The Swedish Investment Fund Association has noted and welcomed the proposals put forward by the government regarding new reporting requirements for active funds starting next year, which would require portfolio managers explain their level of active risk taken versus the benchmark.
The proposals come in context of concerns that some funds marketed as active are in fact hugging their benchmarks, while still charging active management fees.
For most funds this is not news, the Association says in a statement: "Since more than 15 years back members of the Association decided to account for precisely this measure of activity for managed funds."
"The industry has agreed that it is important for investors and advisers to have the ability to themselves read off the level of active risk in the fund. That is why the Association introduced a requirement in its guidelines in 2004. Now it will become law to account for these key numbers, which in practice means that all Swedish funds, even those that are not members of the Association, must present them," added Association chief executive Fredrik Nordström.
"What is new for all fund providers is the demand to describe how the management is pursued in relation to the relevant benchmark index, and why the benchmark index used is relevant. This will facilitate understanding among investors."
The proposal (https://www.regeringen.se/4942e8/contentassets/0d500815b1024d9da0548483584a51da/aktivitetsgrad-i-fondforvaltning-prop.-20181962.pdf ) has been put forward by the minister for Financial Markets Per Bolund.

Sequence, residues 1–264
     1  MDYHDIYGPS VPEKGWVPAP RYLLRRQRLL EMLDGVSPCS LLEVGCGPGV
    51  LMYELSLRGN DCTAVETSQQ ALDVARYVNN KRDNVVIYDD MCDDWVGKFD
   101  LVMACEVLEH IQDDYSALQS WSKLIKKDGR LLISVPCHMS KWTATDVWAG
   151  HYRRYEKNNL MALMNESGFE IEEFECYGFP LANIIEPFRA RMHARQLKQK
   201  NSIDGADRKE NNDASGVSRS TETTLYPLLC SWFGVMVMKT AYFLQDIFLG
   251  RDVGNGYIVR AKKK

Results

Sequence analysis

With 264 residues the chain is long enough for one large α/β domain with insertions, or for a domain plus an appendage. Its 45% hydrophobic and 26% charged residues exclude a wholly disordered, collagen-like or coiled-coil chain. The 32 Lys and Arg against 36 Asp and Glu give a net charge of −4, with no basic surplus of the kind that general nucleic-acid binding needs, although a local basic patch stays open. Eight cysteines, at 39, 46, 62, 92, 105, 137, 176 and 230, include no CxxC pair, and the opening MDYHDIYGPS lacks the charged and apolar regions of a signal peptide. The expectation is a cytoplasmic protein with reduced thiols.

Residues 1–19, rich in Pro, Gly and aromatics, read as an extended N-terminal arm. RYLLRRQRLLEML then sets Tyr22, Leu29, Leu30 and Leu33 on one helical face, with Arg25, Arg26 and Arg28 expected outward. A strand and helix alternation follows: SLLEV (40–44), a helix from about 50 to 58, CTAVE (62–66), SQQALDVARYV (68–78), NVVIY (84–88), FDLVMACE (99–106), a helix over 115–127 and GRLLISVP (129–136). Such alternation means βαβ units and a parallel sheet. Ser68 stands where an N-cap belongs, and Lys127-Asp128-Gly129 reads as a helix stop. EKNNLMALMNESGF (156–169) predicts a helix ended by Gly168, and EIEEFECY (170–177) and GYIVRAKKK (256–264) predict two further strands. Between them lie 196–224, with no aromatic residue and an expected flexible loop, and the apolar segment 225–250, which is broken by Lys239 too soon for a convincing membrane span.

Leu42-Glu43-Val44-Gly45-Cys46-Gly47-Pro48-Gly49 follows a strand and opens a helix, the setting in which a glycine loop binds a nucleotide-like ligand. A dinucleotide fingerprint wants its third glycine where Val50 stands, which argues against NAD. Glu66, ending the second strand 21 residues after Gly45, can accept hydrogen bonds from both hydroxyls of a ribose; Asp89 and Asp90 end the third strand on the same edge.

In announcing it, he said: "People should not be cheated into paying for something that they don't get. We are now making it more difficult for unserious players to take out higher fees. This change will benefit many retail savers."
Among the requirements is one that says if the fund has existed for two or more years, the manager should also indicate a measure of active risk for each of the previous ten years, or as long as the fund has existed.
For concentrated funds or those with specific holdings for which there is no relevant benchmark index, the managers need to also explain this. The information should be available on the fund manager's website, in the relevant key information document and in the annual report for the fund.
The requirements apply to all securities funds, including AIFs, as well as AP7 in the premium pension system.
The proposal is for the rules to come into effect by 1 January 2020.